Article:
Tag Archives: Better together

Alpha Release of Telecom Library

Posted by Luke Hopkins - Developer Relations Engineer

Today we’re thrilled to announce that the Telecom jetpack library is now in alpha for developers who already have or are interested in creating voice and/or video calling applications. Our aim with this library is to simplify the developer integration process and improve VoIP calling across Android surfaces.


What’s in the Public Alpha release

This release supports a variety of Telecom features, including:

Platform synchronization

For surfaces like watches, this library allows the user to answer, decline, hang up and mute your call through a simple API, as well as displaying useful information such as who the caller is.


This is also beneficial because if the device is aware of your call, should other calls such a PTSN/SIM based call come through, you can give the user a chance to hold the call they are currently on.

Dedicated foreground support

With the changes to Android 14, which require applications to specify foreground service types, this library takes care of the requirements for you. For more information, please refer to the foreground service documentation.

Foreground support allows users to stay connected to their calls even after the user has navigated away from your app... You won’t need to build your own foreground services or worry about the background state of your application.

Audio Routing

Instead of using the audio manager to track state, focus and obtain a list of audio devices, this Telecom library will list all available endpoints to your application for streaming audio to/from Bluetooth hearables, hearing aids, wired headphones, and other surfaces, thus giving users access and control to a wide range of hearable devices.

Backwards Compatibility

Backwards compatibility works all the way down to Android O (API Level 26) on devices which support the Telecom stack which means implementing the simple API surface below supports a wide range of devices.


        val callScope=this


You can also query the packagemanager to know if the device supports Telecom.


Why use this library over Platform API

You might be thinking, why make this move to a new library when I could just similarly migrate the deprecated APIs to the new APIs added in Android 14. Well this library offers:

New Features

We will have more exciting additions coming to the Telecom library in the coming months which are exclusive to the jetpack library. These included expanded support for VoIP Call actions such as being able to locally mute the VoIP app for the specific call and being able to display the name of the speaker on another surface such as Android Auto. We also have a new feature coming soon that will allow users to transfer their ongoing VoIP calls between their phones and tablets.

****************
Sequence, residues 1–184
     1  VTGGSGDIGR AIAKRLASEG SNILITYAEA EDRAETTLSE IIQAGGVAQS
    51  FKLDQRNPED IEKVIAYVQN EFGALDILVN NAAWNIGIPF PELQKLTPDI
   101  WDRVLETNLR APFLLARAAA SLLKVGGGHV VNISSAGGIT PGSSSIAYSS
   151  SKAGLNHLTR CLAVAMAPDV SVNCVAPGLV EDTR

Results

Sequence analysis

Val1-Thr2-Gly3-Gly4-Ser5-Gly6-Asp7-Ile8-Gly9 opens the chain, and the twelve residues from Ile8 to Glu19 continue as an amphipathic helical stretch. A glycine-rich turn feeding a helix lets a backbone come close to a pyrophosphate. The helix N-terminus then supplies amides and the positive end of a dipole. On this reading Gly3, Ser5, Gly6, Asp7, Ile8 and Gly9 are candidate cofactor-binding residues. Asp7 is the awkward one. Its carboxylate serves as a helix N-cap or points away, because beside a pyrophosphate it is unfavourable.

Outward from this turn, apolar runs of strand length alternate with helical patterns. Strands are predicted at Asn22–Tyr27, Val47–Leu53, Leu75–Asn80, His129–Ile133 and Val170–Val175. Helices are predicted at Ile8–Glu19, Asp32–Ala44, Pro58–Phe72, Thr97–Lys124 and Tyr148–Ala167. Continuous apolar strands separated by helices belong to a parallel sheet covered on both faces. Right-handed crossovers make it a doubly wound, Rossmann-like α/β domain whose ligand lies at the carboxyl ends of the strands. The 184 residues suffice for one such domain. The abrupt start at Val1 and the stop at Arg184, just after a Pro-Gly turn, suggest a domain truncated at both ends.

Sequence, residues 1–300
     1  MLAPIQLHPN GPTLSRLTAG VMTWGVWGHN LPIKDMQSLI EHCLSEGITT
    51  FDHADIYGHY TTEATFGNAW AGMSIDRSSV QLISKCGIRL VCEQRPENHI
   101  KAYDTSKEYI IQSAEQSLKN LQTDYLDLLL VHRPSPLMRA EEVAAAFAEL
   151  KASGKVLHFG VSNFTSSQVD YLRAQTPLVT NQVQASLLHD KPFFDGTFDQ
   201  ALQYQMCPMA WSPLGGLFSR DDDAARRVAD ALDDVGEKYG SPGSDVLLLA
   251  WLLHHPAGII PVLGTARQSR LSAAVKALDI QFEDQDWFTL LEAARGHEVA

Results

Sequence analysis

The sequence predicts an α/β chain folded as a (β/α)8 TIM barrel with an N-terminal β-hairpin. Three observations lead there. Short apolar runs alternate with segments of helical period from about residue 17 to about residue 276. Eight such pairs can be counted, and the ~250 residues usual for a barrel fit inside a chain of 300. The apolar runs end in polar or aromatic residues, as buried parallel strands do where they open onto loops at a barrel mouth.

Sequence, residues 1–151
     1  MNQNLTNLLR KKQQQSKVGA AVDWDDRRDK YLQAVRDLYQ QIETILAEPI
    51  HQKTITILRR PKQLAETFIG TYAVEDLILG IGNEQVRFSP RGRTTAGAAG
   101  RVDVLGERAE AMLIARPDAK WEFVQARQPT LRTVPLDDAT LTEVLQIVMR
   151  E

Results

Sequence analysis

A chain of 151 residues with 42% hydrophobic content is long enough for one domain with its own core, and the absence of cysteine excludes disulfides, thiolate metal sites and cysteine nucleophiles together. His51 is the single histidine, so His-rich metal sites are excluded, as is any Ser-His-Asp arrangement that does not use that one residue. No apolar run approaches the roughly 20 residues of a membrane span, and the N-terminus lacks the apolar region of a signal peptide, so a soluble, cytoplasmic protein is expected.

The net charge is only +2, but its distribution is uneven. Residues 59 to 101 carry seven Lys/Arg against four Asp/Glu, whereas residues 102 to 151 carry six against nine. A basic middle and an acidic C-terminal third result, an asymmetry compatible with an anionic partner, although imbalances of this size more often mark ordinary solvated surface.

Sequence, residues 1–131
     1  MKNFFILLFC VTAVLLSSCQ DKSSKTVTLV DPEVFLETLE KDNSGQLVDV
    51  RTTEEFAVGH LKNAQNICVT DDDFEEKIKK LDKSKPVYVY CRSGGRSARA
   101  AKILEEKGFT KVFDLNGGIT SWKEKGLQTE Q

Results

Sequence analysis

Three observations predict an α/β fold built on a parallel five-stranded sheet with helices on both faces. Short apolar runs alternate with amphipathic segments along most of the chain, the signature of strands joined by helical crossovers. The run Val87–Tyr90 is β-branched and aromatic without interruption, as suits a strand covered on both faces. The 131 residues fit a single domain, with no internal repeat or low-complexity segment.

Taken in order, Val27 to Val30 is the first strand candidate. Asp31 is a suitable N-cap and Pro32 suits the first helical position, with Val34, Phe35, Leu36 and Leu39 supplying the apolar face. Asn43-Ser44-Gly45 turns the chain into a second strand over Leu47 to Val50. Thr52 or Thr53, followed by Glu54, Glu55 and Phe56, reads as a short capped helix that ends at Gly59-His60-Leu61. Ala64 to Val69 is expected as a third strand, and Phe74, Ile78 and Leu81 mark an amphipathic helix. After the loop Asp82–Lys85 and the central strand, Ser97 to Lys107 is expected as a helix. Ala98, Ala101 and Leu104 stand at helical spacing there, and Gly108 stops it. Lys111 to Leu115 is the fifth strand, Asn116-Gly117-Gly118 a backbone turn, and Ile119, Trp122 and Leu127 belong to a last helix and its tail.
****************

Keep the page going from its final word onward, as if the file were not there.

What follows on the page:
Backward Compatibility

As previously stated, this library supports backward compatibility, which means that your app will not only be supported on a wider range of devices, but we can resolve interoperability issues with older Android versions.

A simple API surface and a large coverage of devices, means this library is the goto solution for calling applications.

Migrating from ConnectionService to CallsManager

Even if you already have an existing ConnectionService integration for your VoIP app, you should consider migrating to CallsManager, as mentioned above we have a lot of exciting features coming to this library and using the jetpack library will give you a simple and complete solution moving forward.

Migrating from ConnectionService to CallManager is fairly straightforward to implement but is not a simple case of changing namespace. You can think of CallManager representing ConnectionService and CallControlScope representing ConnectionService.

Below shows the difference between how to switch audio using connection service to CallControlScope.

You can also query the packagemanager to know if the device supports Telecom.

cconnectionService.setAudioRoute (int route)

InCallService- Android 13

when (requestEndpointChange(newEndpoint)) { 

     is CallControlResult.Success -> { 
                                      // Device changed 

          is CallControlResult.Error -> { 


Jetpack Library

Another example showing how simple this API is to use, you can add a call to the platform and define you call attributes with the code below:

val attributes = CallAttributesCompat( 
       displayName = displayName, 
              address = address,
       direction = CallAttributesCompat.DIRECTION_INCOMING,